Tag Archives: amazon

Amazon has filed a patent for its drone delivery systems

Amazon teased consumers with drone delivery during a 2017 Super Bowl commercial, though the ad bore a disclaimer: “Prime Air is not available in some states (or any really). Yet.”

Back in December 2016, Amazon made its first successful customer delivery in a trial area in the United Kingdom; in March 2017, the online retail giant completed a test delivery at its invite-only MARS 2017 robotics conference in Palm Springs. Now that it has filed a series of patents for drone delivery systems, Amazon seems to be following through on promises that Prime Air will eventually become a reality.

An old joke says, “You don’t need a parachute to skydive. You only need one if you want to skydive twice.” This logic applies to dropping packages—which could contain any number of fragile products—from the air. Amazon’s latest approved patent reveals a design that incorporates a parachute directly into a package label, according to documents obtained from the U.S. Patent and Trade Office.

Using these labels, Unmanned Aerial Vehicles (UAVs)—or drones—could deploy packages from the air and let them drift safely to the ground. This would reduce delivery times by eliminating the need to land and take off. Packages could even potentially be dropped without the drone stopping, which makes it possible to use multiple types of UAVs instead of just those that can hover and land.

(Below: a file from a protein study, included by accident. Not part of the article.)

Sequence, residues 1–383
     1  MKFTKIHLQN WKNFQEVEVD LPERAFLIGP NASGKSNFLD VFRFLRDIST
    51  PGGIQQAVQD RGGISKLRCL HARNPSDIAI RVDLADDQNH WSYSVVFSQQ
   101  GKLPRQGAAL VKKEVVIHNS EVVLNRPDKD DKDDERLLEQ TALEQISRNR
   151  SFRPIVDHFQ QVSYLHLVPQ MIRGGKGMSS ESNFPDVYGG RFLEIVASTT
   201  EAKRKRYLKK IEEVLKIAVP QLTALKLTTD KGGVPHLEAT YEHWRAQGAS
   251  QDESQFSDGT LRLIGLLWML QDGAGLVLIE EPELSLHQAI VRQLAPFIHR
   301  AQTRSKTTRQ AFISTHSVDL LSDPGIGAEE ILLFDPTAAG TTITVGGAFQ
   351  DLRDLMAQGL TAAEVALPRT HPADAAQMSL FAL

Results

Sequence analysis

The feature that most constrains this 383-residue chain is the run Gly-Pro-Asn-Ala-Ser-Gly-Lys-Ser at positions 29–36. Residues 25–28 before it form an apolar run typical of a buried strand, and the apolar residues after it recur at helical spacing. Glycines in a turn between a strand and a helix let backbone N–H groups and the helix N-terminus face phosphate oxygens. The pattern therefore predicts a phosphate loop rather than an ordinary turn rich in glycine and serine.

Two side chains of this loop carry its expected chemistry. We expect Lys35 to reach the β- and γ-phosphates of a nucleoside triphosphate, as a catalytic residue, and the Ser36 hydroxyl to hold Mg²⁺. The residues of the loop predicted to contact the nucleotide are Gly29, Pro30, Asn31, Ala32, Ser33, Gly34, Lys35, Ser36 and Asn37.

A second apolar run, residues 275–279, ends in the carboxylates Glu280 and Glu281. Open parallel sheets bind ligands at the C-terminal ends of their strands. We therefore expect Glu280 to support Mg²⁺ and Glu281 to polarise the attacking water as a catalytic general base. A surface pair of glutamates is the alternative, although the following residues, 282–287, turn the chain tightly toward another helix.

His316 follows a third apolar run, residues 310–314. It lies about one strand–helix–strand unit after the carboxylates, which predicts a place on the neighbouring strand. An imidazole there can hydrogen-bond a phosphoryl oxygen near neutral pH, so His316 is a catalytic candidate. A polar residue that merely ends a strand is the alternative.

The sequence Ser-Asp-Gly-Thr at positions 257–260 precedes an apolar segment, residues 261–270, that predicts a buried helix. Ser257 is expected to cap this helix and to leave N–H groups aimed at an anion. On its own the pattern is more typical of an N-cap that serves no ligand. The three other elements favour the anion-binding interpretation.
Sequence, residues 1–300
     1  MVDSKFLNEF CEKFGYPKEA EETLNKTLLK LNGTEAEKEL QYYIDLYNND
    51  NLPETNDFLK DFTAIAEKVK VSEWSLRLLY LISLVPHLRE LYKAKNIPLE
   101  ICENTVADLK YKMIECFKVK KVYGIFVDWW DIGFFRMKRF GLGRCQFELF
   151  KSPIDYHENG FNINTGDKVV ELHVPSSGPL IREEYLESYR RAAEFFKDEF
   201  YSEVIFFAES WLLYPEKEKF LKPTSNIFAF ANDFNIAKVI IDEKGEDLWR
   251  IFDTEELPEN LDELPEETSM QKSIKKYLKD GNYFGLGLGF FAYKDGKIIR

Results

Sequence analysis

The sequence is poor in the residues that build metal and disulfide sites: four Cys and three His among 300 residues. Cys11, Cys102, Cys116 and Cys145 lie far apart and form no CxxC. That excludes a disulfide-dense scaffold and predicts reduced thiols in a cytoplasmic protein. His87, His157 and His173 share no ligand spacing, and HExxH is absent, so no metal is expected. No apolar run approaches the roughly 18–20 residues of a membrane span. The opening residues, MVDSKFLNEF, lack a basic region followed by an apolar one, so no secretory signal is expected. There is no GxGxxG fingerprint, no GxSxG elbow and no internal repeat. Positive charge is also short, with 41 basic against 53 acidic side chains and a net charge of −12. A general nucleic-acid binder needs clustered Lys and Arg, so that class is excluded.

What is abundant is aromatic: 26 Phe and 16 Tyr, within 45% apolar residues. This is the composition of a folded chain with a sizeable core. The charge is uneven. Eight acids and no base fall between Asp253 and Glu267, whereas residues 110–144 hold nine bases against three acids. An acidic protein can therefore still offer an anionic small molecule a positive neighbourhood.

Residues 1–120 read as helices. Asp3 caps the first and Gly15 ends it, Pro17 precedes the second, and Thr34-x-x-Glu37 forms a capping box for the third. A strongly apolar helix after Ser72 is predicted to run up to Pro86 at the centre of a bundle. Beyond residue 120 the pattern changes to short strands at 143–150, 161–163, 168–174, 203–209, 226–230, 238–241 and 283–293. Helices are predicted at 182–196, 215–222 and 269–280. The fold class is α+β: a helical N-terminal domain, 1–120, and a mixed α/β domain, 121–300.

The patent also states that “different sized parachute canopies can be used for different sized shipping container’s descent appropriately to prevent damage to the contents of the shipping container,” suggesting that Amazon would scale the technology for a wide range of package sizes and weights. The patent also describes multiple ways UAVs might carry a parachute-labeled package, including mechanical arms, a suction system, magnets, and retractable shelves.

The retailer also received recent patents for a magnet-based delivery system and a coiled spring model, so it seems likely that the company will use a combination of many technologies to get drone packages on doorsteps.

Amazon continues to wait on Federal Aviation Administration approval before it can complete more widespread Prime Air distribution testing. This process will most likely take several more years, but there is little doubt that the company plans to drop its packages from the skies as soon as it is able.

Story by Jason McDowell @ inbound logistics

Amazon Launches Its Own Social Network, Spark

Amazon logo on a flatscreen next to two gears

Amazon wants all shopping addicts to stay in touch, so the company decided to launch its own social network, Spark. This network is meant to bring all Amazon users together, and make it easier for them to find more people with the same interests.

Amazon decided that people who like shopping should have a place of their own to socialize and exchange ideas. Therefore, it came up with the idea of creating a social network called Spark. Here, people should be able to ask for advice regarding places where they can buy certain items, decoration or household ideas, or merely talk to other shoppers who like the same things.

The first time you access Spark, you will have to fill in a list of interests. Then, based on this list, Amazon will show you relevant posts and custom content coming from other customers who share your interests. You can even communicate with these people, by commenting on their posts or even by just sending them smiles.

You can also buy products directly from your feed

Apart from stories, customers can also share products. These products are available for sale on Amazon, and you can purchase them by just tapping on them. Those you can buy are market by an icon of a shopping bag placed next to them. You can post your own stories, or share whatever products you like from the field placed on top of your feed.